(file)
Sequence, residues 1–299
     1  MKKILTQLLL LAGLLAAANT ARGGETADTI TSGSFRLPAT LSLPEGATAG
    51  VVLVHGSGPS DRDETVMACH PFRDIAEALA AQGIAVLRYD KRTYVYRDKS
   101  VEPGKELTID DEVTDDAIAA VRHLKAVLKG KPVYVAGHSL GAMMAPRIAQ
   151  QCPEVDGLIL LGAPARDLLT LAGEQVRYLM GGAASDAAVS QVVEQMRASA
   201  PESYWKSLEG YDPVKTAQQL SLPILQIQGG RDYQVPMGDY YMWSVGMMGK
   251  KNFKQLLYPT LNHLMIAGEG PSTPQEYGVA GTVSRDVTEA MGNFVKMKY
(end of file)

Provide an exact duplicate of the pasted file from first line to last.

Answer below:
Sequence, residues 1–299
     1  MKKILTQLLL LAGLLAAANT ARGGETADTI TSGSFRLPAT LSLPEGATAG
    51  VVLVHGSGPS DRDETVMACH PFRDIAEALA AQGIAVLRYD KRTYVYRDKS
   101  VEPGKELTID DEVTDDAIAA VRHLKAVLKG KPVYVAGHSL GAMMAPRIAQ
   151  QCPEVDGLIL LGAPARDLLT LAGEQVRYLM GGAASDAAVS QVVEQMRASA
   201  PESYWKSLEG YDPVKTAQQL SLPILQIQGG RDYQVPMGDY YMWSVGMMGK
   251  KNFKQLLYPT LNHLMIAGEG PSTPQEYGVA GTVSRDVTEA MGNFVKMKY